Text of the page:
A former U.S. Embassy employee in Mexico, described by prosecutors as an “experienced sexual predator,” was arrested this month in San Diego and charged with filming and photographing a woman as she was partially naked and unconscious.
Former employee Brian Jeffrey Raymond has been charged with one count of coercion and seduction of the woman, which prosecutors said they met on Tinder in Virginia in 2017. If found guilty, he could face up to 20 years in prison.
But prosecutors said the government investigation, which revealed hundreds of photos, videos and online chats, revealed at least 21 additional victims dating back to at least 2011 whose cases could lead to additional charges.
The State Department referred questions to the Justice Department on Thursday, which said it could only confirm that Mr. Raymond had been a federal employee and no longer worked in Mexico. Court documents indicated that he had traveled and worked in many countries and had extensive experience living abroad. He speaks Spanish and Chinese.
Roberto Velasco Álvarez, Director General of Public Affairs of the Mexican Ministry of Foreign Affairs, said on Twitter Thursday that Mexican authorities had cooperated with US law enforcement in the operation that led to the arrest of Mr. Raymond. He said Mr. Raymond had served as the first secretary of the United States Embassy and that the investigation was into potential sexual abuse in both countries.
The State Department and FBI began investigating Mr. Raymond in May, after police in Mexico City responded to his embassy rented apartment for reporting “a naked, hysterical woman crying desperately for help. From the balcony, prosecutors said.
The diplomatic security service reported that the woman was “physically unstable and needed help walking, appeared very drunk” and was seen crying in the back of an ambulance, prosecutors said.
The woman told authorities she met Mr. Raymond on Tinder and passed out after drinking from a glass of wine he gave her. She did not recall having sex with Mr. Raymond but had injuries consistent with vaginal and anal penetration, prosecutors said.
After the meeting, Mr. Raymond returned to the United States, where he told U.S. investigators he had sex with the woman, but said it was consensual, prosecutors said.
Federal agents arrested Mr. Raymond on October 9 in San Diego and charged him in connection with the previous meeting in Virginia in 2017. At that meeting, prosecutors said, Mr. Raymond met a woman on Tinder, then photographed and filmed her while she was lying on her bed, unconscious and partially naked.
The woman later told authorities that she felt “dizzy” and that her legs gave way after Mr. Raymond filled his glass with wine. The last thing she remembered, she said, was telling Mr. Raymond that she was not feeling well and needed to lie down.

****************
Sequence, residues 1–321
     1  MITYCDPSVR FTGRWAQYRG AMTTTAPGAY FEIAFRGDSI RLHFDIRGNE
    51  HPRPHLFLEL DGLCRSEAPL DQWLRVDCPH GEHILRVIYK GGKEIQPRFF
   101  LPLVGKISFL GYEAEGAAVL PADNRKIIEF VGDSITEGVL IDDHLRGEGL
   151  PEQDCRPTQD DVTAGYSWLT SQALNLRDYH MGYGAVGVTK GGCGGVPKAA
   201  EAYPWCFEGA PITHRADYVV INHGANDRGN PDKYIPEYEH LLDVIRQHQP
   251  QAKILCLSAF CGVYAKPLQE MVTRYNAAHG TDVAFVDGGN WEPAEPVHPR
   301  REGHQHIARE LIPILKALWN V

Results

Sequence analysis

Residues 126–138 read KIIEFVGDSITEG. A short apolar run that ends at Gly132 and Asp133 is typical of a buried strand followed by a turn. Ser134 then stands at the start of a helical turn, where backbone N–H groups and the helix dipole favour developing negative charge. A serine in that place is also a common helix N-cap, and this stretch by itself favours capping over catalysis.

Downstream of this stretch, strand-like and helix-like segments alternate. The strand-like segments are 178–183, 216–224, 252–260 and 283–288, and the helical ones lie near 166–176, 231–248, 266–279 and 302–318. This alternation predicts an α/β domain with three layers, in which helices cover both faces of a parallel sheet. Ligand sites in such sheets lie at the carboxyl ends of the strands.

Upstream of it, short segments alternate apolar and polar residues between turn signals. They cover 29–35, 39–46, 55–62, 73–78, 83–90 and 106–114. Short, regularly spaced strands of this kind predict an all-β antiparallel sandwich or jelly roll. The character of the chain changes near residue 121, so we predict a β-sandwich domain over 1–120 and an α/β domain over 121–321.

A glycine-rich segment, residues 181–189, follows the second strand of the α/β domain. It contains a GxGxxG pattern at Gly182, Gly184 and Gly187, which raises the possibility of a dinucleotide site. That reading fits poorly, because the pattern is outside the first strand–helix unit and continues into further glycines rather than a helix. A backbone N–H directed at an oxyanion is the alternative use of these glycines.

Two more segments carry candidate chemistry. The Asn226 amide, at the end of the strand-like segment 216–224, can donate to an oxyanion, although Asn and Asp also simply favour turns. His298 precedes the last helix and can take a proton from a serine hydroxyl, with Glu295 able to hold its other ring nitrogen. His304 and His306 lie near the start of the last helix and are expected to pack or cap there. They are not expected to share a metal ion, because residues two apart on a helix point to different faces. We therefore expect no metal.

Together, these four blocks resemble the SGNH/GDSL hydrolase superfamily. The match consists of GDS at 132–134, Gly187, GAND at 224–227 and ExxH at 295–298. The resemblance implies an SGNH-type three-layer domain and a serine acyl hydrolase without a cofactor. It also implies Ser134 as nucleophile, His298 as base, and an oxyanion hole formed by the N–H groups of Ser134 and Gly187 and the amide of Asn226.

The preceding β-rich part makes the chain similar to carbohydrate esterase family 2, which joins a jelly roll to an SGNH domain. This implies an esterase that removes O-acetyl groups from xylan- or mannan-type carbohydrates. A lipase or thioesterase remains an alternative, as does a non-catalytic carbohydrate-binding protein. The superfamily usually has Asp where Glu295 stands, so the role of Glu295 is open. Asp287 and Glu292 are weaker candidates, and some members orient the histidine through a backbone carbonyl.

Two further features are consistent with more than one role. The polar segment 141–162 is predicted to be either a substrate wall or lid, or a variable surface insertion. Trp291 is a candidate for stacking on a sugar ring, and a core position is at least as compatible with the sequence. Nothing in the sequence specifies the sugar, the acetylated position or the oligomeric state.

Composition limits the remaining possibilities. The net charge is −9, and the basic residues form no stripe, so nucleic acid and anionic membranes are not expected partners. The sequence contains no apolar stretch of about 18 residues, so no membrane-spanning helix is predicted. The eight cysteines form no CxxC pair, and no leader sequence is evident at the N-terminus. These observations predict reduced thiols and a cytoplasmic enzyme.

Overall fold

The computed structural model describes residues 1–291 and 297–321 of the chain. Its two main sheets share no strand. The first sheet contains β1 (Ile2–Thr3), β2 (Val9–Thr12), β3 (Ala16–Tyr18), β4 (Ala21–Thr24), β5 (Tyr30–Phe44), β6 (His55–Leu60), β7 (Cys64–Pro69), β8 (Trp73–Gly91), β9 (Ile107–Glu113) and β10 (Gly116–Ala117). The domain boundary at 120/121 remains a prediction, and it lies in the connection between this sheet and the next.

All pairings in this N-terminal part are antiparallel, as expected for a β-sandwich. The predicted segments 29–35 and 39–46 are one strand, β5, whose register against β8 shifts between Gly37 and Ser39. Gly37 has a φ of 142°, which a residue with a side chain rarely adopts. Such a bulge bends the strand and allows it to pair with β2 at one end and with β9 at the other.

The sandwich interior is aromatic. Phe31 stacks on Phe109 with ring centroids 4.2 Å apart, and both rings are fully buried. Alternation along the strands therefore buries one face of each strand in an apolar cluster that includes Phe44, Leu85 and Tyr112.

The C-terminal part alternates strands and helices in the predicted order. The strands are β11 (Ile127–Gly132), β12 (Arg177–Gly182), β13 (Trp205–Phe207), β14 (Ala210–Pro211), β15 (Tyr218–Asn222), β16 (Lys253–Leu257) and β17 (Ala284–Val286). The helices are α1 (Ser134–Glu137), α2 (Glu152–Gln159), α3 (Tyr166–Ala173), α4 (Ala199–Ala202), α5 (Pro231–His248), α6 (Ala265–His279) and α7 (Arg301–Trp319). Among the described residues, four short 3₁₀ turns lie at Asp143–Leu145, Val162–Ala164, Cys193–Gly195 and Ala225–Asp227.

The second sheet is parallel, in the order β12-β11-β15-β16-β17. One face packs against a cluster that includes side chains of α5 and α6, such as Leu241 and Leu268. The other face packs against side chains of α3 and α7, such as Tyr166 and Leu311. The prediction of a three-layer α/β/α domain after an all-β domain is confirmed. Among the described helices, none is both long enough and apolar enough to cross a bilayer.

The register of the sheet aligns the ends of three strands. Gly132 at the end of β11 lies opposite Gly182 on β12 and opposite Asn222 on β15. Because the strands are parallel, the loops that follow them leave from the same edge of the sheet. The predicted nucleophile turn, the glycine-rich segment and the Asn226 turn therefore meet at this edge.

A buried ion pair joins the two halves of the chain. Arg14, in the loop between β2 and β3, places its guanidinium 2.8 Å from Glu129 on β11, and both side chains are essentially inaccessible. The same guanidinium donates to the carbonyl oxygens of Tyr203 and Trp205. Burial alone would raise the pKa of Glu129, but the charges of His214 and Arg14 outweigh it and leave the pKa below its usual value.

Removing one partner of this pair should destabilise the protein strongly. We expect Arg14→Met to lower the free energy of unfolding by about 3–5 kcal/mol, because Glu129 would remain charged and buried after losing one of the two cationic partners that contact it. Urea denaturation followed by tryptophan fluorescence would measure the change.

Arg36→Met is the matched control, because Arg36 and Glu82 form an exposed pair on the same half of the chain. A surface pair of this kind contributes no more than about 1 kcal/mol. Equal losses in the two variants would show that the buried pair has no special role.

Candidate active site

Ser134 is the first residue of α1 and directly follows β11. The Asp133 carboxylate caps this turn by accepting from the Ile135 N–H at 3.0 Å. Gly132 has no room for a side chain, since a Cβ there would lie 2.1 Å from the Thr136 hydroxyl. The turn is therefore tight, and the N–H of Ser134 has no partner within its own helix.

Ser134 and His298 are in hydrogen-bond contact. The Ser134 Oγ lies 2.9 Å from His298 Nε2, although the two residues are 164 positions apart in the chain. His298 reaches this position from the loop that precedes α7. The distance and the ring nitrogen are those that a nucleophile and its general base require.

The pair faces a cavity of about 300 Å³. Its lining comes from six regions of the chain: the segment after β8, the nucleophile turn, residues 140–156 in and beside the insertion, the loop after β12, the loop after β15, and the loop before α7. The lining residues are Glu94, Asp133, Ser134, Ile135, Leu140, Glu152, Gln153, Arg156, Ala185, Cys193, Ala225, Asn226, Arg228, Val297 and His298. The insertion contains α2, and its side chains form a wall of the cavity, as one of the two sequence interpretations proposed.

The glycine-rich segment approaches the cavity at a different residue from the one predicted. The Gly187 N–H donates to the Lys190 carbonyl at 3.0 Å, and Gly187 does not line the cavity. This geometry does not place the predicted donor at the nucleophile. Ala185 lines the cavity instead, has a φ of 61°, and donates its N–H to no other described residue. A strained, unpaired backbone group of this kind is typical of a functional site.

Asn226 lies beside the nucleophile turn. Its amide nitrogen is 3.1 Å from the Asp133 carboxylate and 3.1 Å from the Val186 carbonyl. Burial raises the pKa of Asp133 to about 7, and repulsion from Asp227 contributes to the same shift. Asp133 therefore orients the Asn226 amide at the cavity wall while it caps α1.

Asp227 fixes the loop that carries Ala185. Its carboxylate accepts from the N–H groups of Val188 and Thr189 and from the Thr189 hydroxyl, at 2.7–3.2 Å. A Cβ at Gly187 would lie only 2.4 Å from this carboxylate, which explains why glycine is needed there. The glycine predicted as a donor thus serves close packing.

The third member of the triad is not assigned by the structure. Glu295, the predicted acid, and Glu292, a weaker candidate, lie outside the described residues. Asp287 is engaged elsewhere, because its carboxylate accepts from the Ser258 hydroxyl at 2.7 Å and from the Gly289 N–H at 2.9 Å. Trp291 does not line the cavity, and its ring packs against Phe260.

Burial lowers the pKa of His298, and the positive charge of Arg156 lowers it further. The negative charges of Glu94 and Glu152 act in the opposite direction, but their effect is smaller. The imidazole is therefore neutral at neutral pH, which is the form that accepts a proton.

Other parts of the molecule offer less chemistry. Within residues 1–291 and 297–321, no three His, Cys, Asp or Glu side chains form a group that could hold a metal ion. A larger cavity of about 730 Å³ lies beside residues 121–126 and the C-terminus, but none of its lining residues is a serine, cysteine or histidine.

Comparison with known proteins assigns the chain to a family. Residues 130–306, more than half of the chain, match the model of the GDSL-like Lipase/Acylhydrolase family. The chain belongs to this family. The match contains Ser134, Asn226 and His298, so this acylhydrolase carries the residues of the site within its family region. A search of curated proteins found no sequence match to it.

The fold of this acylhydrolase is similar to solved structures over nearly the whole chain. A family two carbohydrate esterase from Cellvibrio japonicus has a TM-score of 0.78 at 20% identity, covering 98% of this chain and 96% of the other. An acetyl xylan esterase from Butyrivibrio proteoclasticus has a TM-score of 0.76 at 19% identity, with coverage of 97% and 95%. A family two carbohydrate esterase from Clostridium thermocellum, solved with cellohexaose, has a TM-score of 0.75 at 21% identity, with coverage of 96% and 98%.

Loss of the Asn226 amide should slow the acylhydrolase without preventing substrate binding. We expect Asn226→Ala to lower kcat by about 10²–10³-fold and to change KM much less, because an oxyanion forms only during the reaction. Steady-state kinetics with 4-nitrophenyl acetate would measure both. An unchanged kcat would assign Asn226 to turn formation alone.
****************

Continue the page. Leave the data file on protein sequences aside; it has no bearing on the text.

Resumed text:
The woman said she did not consent to the removal of her clothes or the photograph.
Prosecutors said searches of Mr. Raymond’s phones and his iCloud account uncovered around 400 photographs and videos, as well as dozens of chats with women online.
Mr. Raymond’s research history also showed that he had researched “black girl passed out”, “deep sleep”, “Ambien”, “dissolve” and “Ambien and alcohol and faint,” said prosecutors.
Mr. Raymond “is an experienced sexual predator who poses a significant threat to women in the community,” prosecutors wrote in court documents.
Three attorneys listed for Mr. Raymond in court records did not immediately respond to requests for comment Thursday evening. One of them, John David Kirby, said in court documents that before Mr Raymond was charged, he had a “clean” 23-year career in public service for the federal government.
In a petition arguing that Mr Raymond should not be detained, Mr Kirby said Mr Raymond had taken more than 10 polygraph tests and had passed all of them, including a recent one, which focused on the allegations brought against him.
Mr Kirby said Mr Raymond has a deep connection to San Diego, where both his parents and his only brother live. He also owns rental property in Las Vegas.
Linda Lopez, a federal trial judge in the United States District Court for the Southern District of California, said this month that Mr. Raymond posed “a danger to the community and a risk of absconding” and ordered his detention, pending trial.
She said prosecutors presented evidence that he continued to meet with women, even though he knew he was under investigation. One of the women told investigators that she had sex with Mr. Raymond after having had several dates with him in September, during which she became “very drunk”.
“From all appearances, he led an exemplary life,” Judge Lopez wrote. But claims he photographed women while they were unconscious, she said, suggest he had a “unique ability to portray a very different public face.”